AUGUSTA, Maine — Senate Republicans followed the lead of their House GOP colleagues on Wednesday by voting to eliminate both same-day voter registration and early voting by absentee ballot just before an election.
The Senate voted 18-17 largely along party lines to approve changes that supporters insist are necessary to discourage voter fraud and to lighten the workloads of municipal clerks struggling to process new registrations and votes cast early by absentee ballot.
But Democratic opponents questioned why the Legislature’s new GOP majority wanted to end Election Day registration in Maine, a 38-year-old policy used by nearly 60,000 voters in 2008 and credited with helping rank Maine among the states with the highest turnout rates. Maine is one of eight states to offer same-day registration.
“This is an attempt, I believe, to reduce voter participation, not to help it,” said Sen. Elizabeth Schneider, D-Orono. “And I don’t believe anybody in this body should be working to reduce voter turnout, which is clearly what will happen here.”
Sponsored by House Speaker Robert Nutting of Oakland, LD 1376 will end two popular practices in Maine: registering to vote at the polls and casting absentee ballots two business days before Election Day. A second proposal, also sponsored by Nutting, would require voters to present a photo ID at the polls.
Secretary of State Charlie Summers strongly supported the legislation to change same-day voter registration and absentee ballot polices, arguing the measure was necessary to ease municipal clerks’ workload on Election Day.
But critics have accused GOP leaders of seeking electoral changes for political reasons, with the assumption that same-day registration benefits the Democratic Party. Of the 18,000 Mainers who registered on Election Day in November 2010, however, the number of Democrats and Republicans was roughly equal.
During a public hearing last month, the Maine Town and City Clerks Association testified that many clerks were being driven “to the breaking point” by the surging popularity of Maine’s absentee ballot process, which allows voters to cast ballots early for any reason.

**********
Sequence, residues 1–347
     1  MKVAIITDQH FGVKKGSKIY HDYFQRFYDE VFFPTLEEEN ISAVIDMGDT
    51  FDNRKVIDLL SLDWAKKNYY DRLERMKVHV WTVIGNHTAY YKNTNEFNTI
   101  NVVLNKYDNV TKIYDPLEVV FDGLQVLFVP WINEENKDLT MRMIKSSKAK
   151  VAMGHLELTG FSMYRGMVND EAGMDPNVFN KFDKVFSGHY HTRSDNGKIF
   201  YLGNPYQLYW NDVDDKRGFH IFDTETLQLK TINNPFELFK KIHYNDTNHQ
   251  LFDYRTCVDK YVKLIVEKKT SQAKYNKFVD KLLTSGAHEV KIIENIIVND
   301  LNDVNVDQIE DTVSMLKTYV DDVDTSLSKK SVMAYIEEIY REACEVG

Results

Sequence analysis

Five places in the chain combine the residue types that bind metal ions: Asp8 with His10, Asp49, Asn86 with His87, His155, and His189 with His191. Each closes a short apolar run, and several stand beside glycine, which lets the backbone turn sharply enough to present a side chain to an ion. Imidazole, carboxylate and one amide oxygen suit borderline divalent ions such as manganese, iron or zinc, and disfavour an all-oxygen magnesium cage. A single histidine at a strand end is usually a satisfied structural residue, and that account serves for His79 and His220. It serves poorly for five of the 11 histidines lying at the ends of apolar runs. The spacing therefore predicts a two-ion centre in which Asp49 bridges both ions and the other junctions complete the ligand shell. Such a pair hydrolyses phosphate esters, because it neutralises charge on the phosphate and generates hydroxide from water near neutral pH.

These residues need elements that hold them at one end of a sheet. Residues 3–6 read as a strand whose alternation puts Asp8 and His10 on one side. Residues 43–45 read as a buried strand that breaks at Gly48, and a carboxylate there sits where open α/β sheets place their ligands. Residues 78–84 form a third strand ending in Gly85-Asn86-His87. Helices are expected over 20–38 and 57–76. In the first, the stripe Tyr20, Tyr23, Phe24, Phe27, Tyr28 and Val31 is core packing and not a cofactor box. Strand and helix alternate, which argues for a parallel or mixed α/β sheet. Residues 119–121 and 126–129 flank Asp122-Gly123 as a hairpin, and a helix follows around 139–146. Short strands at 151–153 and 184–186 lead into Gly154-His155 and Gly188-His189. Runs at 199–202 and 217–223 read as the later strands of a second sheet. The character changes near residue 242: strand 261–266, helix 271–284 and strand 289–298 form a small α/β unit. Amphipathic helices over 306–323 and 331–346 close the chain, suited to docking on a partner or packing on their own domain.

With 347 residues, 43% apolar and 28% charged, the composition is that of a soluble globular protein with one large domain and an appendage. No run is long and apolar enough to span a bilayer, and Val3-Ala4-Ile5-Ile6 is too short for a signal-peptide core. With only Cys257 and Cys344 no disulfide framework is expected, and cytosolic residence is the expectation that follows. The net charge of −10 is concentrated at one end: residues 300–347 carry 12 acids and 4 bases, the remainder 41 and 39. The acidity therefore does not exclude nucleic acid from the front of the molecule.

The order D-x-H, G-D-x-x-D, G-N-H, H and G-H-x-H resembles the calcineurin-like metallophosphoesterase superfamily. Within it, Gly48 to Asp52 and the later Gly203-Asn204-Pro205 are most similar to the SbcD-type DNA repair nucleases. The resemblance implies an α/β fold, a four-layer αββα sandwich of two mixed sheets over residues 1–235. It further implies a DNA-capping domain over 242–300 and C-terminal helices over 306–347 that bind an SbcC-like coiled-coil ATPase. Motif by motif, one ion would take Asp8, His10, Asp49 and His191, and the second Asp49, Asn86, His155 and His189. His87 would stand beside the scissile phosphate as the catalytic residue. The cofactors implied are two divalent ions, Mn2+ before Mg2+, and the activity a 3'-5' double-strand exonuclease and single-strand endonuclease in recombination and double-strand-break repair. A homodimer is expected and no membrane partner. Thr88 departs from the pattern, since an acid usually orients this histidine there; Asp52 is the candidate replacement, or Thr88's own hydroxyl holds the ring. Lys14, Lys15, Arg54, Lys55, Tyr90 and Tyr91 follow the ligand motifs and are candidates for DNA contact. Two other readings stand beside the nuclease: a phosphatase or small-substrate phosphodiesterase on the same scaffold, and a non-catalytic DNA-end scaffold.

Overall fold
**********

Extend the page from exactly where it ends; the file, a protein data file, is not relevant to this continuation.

The association also supported ending same-day registration. However, representatives said clerks would be “very comfortable” keeping same-day registration “as the absentee ballot voting portion of the election process is what takes the most time to process and is the main source of our concern,” according to the association’s written testimony.
Citing the municipal clerks’ testimony, Senate Democrats tried and failed attempts to re-write the bill on Wednesday to only change Maine’s absentee ballot policies.
Republican supporters countered that voter fraud does exist but that the time constraints of same-day registration make it difficult to detect to deter.
Sen. Nichi Farnham, R-Bangor, said lawmakers must take every step to remove doubts about the accuracy of the election process. She and other bill supporters said requiring voters to plan ahead is not disenfranchising them, pointing out that most voters will still have 247 days to register during the year.
“I believe it really isn’t too much to ask if someone takes a couple of minutes out of their day to go down and register or to send in a registration card,” said Sen. Jonathan Courtney, R-Springvale, the Senate majority leader.
But with only two documented cases of voter fraud in Maine in recent decades, Democrats suggested the bill was a solution in search of a non-existent problem.
“What I don’t understand is why we want to disenfranchise tens of thousands of voters because somebody might possibly engage in criminal activity,” said Sen. Phil Bartlett, D-Cumberland.
Civil liberties groups have pledged to continue fighting against the proposed changes. Some critics have even suggested privately that the bill, if enacted, could become a target of a citizens’ veto campaign.
“This is not over,” Shenna Bellows, executive director of the Maine Civil Liberties Union, said in a statement. “We will do everything in our power to restore same-day voter registration for Mainers all across the state.”
But Republicans predicted that in the heat of political campaigns politicians of all stripes will make sure that people are aware of the policy change and register before Election Day.
“The sky will not fall, people will turn out to vote and the system will work,” said Sen. Debra Plowman, R-Hampden.